Afghan-American Nadia Hashimi’s powerful novel is about a young woman in 2007 Kabul who takes advantage of an ancient custom in order to dress and be treated like a boy until she is of marriageable age—a custom her grandmother invoked a century earlier to save her own life. A testament to the disparity of gender roles, THE PEARL THAT BROKE ITS SHELL is a perplexing look at the ongoing struggles of Afghan women.


The Residue Years
by Mitchell S. Jackson

This story of a mother trying to stay clean and her son, who begins selling crack to support his mom and siblings, is in part based on Mitchell S. Jackson’s experience growing up black in Portland, Oregon (also known as America’s whitest city). A commanding meditation on social judgment, THE RESIDUE YEARS is utterly commanding and a force to be reckoned with.


The Reluctant Fundamentalist
by Mohsin Hamid
In a café in Lahore, a bearded Pakistani man tells an uneasy American stranger his life story—from immigrating to America to attend Princeton to working an elite valuation job in New York to his romance with a gorgeous high-society woman to his inability to cope with the aftermath of 9/11 to his exile back to Pakistan. THE RELUCTANT FUNDAMENTALIST is fierce and all-consuming.

Next Year, for Sure
by Zoey Leigh Peterson

NEXT YEAR FOR SURE chronicles the tumultuous and often funny year in which a longtime couple experiments with a nontraditional relationship when loneliness persists in the unlit corners of their lives. This fresh novel by Zoey Leigh Peterson, a transgender woman, is imbued with deep humanity.


Forgotten Country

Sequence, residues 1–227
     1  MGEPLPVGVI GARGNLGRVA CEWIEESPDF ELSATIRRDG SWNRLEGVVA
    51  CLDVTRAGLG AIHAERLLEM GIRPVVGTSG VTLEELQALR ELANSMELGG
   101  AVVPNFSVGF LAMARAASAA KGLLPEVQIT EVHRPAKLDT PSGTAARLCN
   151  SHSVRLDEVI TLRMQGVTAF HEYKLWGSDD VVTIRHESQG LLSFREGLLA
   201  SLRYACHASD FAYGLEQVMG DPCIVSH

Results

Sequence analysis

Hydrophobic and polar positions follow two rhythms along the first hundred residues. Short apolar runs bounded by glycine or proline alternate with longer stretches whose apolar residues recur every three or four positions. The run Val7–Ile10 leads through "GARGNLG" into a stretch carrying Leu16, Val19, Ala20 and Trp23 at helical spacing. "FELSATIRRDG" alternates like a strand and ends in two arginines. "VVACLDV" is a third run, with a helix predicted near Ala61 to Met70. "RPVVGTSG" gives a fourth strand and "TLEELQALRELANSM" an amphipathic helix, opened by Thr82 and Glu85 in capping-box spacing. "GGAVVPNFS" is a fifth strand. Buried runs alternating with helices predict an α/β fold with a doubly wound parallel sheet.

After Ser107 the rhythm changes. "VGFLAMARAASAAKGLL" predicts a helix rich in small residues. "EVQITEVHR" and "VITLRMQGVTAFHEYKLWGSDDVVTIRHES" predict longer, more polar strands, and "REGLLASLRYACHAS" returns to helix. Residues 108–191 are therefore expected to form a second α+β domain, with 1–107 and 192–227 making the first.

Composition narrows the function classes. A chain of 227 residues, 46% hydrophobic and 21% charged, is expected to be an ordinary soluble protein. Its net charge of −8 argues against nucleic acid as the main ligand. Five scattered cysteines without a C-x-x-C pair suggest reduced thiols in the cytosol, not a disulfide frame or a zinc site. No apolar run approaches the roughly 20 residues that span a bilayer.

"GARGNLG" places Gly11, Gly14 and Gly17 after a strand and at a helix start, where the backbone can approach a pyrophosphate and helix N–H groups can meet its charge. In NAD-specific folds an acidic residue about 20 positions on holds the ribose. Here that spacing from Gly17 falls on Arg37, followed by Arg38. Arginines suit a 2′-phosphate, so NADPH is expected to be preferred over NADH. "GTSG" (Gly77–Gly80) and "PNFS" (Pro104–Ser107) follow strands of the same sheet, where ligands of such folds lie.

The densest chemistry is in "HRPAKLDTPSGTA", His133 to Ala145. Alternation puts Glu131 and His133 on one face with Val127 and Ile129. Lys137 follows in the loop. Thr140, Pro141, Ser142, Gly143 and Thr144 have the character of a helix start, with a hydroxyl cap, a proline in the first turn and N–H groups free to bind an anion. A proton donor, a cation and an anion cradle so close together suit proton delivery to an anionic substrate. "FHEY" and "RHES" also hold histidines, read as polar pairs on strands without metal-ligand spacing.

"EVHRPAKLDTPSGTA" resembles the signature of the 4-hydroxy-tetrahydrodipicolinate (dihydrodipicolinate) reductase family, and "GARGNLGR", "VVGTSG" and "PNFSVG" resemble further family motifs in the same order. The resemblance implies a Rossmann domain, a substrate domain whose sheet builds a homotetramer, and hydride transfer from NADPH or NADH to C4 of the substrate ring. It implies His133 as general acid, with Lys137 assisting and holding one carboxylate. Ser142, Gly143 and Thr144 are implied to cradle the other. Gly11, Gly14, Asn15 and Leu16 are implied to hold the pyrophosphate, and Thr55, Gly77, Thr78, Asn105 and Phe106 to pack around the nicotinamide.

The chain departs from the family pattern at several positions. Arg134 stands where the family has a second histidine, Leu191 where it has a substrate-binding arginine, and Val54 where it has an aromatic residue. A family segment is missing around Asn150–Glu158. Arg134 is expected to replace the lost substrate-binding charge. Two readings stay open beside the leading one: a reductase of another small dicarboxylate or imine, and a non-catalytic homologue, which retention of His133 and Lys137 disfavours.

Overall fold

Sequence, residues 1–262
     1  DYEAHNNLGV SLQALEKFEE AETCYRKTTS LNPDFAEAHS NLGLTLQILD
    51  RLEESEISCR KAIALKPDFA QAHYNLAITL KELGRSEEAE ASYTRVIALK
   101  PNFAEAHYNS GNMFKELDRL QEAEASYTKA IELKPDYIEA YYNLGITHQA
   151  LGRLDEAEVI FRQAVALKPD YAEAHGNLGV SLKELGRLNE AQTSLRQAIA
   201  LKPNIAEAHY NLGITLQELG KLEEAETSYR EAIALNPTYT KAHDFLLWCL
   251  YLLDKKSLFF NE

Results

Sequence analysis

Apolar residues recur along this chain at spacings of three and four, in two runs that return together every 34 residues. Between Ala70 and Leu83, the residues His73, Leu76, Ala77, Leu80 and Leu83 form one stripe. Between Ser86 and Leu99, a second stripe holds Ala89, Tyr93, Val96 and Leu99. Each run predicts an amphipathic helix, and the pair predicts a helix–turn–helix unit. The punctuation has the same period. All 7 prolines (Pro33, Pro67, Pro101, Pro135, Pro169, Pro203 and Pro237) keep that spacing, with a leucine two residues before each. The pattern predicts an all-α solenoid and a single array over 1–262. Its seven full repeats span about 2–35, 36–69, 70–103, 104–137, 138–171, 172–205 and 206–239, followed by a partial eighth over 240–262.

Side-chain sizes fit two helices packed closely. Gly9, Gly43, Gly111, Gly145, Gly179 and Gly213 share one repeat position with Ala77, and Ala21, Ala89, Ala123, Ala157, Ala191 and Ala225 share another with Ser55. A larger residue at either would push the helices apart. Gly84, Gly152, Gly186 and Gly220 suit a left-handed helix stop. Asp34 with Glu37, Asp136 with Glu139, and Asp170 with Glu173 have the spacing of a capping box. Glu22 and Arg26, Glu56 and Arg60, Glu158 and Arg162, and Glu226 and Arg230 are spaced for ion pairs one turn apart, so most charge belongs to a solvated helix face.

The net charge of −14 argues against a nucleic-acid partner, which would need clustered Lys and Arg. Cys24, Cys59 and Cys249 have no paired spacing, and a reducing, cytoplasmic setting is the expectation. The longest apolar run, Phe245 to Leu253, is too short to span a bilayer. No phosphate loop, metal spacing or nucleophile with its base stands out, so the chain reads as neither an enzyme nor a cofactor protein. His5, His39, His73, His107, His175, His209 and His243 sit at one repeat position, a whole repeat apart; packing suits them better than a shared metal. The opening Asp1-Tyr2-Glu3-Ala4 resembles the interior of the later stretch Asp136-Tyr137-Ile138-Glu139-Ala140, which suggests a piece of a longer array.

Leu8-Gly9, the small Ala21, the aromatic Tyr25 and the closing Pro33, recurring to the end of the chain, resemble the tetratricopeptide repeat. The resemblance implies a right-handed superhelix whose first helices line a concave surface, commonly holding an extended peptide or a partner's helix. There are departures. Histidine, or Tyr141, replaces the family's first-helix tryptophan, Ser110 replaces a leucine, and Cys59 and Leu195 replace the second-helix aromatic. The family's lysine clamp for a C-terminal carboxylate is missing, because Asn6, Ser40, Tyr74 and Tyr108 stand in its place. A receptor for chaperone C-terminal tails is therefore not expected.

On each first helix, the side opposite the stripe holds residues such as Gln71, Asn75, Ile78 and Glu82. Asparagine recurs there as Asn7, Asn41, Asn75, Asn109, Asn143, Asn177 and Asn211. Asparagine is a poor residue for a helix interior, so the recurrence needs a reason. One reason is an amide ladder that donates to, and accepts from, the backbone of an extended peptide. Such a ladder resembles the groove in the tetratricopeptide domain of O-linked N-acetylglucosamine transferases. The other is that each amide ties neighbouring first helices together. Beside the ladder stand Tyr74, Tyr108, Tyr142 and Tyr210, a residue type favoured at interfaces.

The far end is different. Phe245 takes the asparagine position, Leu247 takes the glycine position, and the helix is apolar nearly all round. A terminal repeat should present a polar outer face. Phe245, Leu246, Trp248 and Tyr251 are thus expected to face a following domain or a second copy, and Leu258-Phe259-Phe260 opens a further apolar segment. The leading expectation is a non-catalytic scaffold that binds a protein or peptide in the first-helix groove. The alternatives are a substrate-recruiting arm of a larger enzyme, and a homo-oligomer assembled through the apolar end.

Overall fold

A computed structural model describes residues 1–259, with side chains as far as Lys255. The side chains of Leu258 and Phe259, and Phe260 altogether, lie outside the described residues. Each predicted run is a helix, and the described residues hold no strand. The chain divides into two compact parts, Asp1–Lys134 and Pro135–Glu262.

by Catherine Chung

Weaving Korean myth and modern love, FORGOTTEN COUNTRY is a lush and elegant story of identity, immigration, and familial obligation framed by a family that loses a daughter in every generation.


We Love You, Charlie Freeman
by Kaitlyn Greenidge

When the Freeman family moves into a campus apartment at the Toneybee Institute, they are assigned to teach their housemate, a chimp named Charlie, sign language (which they all know). But as an African American family, they find themselves isolated in the all-white community of the Institute. WE LOVE YOU, CHARLIE FREEMAN is a provocative and compelling exploration of America’s failure to find a way to talk about race.


Umami
by Laia Jufresa

Deep in the heart of Mexico City, Ana copes with the mysterious death of her younger sister and plants a “milpa” (a corn crop) in her backyard—an act that dredges up the grief, secrets, and haunting questions of her neighbors’ pasts as well as her own. UMAMI is a dazzlingly inventive and immersive portrayal of life in contemporary Mexico.


Here Comes the Sun
by Nicole Dennis-Benn
A lyrical and tender hymn to the Jamaican life, HERE COMES THE SUN follows Margot as she works as both a maid and a prostitute at an extravagant resort so she can shield her younger sister from the same fate and send her to school. When the development of a new hotel threatens the community and Margot’s job, everyone is forced to reconsider their choices and confront long-hidden scars.